Russia-Georgia relations depend on Saakashvili govt. conduct

Other News Materials 5 October 2006 12:00 (UTC +04:00)

(RIA Novosti) - Prospects for an improvement of Russia-Georgia relations fully depend on the conduct of President Mikheil Saakashvili government, Russia's foreign minister said Wednesday.

After four Russian officers were detained in Tbilisi and charged with espionage last week, Russia suspended travel and postal links with Georgia, and threatened to freeze banking transactions with its southern neighbor. The sanctions remain in force even though Georgia released the Russian officers Monday, reports Trend.

"Prospects for improving relations with Georgia fully depend on the further conduct of the regime of Saakashvili, who knows perfectly well what must be done to cardinally correct his anti-Russian course to achieve a shift for the better in relations with Russia," Sergei Lavrov said in a phone conversation with the OSCE's chairman-in-office.

"There is, and there will be no request for the mediation of the OSCE, or anyone else, for the sake of improving those relations," he said.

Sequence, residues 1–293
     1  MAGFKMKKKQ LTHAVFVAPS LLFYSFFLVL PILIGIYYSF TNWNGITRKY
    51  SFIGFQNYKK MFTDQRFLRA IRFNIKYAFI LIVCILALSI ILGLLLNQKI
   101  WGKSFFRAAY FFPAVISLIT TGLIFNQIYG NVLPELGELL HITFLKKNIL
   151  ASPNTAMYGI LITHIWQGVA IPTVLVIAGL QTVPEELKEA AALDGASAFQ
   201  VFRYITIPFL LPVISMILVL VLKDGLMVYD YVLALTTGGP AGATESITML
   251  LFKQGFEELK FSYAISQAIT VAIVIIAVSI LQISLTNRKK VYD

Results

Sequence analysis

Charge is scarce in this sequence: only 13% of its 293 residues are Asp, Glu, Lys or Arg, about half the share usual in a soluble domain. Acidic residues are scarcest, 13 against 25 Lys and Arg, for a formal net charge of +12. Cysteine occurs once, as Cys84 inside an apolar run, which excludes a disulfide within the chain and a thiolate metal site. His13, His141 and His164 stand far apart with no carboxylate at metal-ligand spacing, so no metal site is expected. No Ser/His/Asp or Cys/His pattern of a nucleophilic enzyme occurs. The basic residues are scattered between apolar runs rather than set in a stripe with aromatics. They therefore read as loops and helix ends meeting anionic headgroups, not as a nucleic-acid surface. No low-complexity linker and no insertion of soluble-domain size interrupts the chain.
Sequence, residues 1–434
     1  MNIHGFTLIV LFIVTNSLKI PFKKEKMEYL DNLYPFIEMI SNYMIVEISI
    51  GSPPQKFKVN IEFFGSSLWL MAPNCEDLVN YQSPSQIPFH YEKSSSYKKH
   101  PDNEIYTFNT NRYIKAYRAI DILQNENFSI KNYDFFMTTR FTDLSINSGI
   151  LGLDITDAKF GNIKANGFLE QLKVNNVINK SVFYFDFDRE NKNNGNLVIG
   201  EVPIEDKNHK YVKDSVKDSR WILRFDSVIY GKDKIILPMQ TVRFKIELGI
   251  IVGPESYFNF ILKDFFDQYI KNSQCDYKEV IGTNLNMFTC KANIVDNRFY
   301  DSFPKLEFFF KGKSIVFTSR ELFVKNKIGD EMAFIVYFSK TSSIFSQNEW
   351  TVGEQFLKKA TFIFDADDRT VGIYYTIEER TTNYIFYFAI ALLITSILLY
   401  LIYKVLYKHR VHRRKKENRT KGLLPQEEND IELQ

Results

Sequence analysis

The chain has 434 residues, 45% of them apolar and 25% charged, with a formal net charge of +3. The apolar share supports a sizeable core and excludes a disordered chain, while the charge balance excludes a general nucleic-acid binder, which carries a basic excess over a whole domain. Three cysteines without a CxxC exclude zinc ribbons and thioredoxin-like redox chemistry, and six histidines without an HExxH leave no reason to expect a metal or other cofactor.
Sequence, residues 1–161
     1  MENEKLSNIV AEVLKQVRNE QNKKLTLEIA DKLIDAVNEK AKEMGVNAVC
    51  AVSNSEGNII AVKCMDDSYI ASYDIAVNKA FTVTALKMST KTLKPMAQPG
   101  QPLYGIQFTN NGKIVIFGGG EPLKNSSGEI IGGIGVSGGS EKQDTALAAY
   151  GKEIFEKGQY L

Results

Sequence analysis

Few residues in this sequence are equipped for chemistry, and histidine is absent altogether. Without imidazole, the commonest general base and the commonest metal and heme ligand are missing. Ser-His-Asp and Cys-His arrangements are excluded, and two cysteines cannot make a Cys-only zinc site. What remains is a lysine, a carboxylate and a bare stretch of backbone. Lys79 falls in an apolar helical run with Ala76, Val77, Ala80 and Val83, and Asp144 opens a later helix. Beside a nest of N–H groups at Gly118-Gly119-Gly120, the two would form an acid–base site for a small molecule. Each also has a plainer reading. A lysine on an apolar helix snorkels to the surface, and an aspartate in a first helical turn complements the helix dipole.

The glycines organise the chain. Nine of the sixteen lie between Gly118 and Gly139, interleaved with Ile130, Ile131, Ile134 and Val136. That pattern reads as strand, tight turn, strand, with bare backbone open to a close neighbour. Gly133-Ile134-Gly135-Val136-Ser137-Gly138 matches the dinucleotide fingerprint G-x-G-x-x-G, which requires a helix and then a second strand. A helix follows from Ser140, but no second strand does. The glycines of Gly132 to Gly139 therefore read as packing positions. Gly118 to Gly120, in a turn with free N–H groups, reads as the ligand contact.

On Tuesday, Lavrov accused the Georgian government of pursuing a patently anti-Russian line and announced that Moscow will shut down the flow of illegal funds from Russia to Georgia, saying the money was ultimately being used for military aims. He also said a Russian ban on travel and postal links will remain in force for the time being.

Although Tbilisi handed over the four Russian officers at the heart of the scandal Monday evening, Lavrov made it clear that Moscow regards their arrest as part of a broader strategy aimed at Moscow.

"The actions of the Georgian leadership have unquestionably become consistently anti-Russian," Lavrov told a news conference.

Since Mikheil Saakashvili came to power in Georgia on the back of the 2003 "Rose Revolution," both the government and parliament have sought to remove Russian peacekeepers from conflict zones with two self-proclaimed republics, and to force the withdrawal of Russian troops from two Soviet-era bases that are due to close in 2008.

Lavrov said the espionage scandal was perfectly in line with the anti-Russian policies consistently pursued by the Georgian government in recent years.